Lead poisoning is a significant health concern because lead is a potent neurotoxin that affects every system of the human body. It is harmful to individuals of all ages and is especially harmful to children, fetuses and women of childbearing age. Lead poisoning is one of the most common and preventable pediatric health problems in Oregon.
Common renovation activities such as sanding, cutting and demolition can create hazardous lead dust and chips by disturbing lead-based paint, which can be harmful to adults and children.
The federal government assists states in preventing lead poisoning and reducing lead hazards through:
(A) The Lead-Based Paint Poisoning Prevention Act;
The Lead Contamination Control Act of 1988;
The Safe Drinking Water Act; and
The Resource Conservation and Recovery Act of 1976.
Implementing regulations of:
The Department of Housing and Urban Development;
The Environmental Protection Agency;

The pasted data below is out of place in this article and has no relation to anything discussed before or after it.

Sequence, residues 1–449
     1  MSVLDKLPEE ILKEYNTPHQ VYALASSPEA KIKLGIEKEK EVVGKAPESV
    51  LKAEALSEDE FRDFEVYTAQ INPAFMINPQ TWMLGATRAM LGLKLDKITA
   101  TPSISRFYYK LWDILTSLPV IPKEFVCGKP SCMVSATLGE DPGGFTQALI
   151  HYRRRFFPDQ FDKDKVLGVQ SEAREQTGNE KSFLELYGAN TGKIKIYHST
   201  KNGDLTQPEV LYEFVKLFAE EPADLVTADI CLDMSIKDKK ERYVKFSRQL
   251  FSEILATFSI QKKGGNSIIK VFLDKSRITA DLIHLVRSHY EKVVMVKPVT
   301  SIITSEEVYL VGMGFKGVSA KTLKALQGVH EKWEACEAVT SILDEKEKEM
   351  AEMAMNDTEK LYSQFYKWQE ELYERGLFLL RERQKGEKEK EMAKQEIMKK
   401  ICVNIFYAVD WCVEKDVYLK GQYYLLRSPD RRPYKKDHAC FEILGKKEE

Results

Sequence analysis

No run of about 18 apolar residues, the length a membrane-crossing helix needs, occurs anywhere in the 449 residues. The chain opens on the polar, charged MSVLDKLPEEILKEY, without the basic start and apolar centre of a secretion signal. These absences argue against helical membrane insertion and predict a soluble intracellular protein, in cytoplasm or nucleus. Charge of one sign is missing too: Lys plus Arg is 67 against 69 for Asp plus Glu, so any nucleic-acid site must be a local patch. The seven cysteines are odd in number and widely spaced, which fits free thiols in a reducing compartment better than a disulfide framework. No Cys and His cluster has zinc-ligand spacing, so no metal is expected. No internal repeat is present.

The Occupational Safety and Health Administration; and
The Centers for Disease Control and Prevention.
The Residential Lead-Based Paint Hazard Reduction Act of 1992, which:
Requires that sellers and landlords of residential housing constructed before 1978 notify buyers and tenants of known lead-based paint hazards; and
Allows states to receive authorization from the Environmental Protection Agency to provide for the accreditation of lead-based paint activities and renovation training programs, the certification of persons completing training programs and the certification of lead-based paint activities and renovation contractors pursuant to standards developed by the agency. [Formerly 431.917]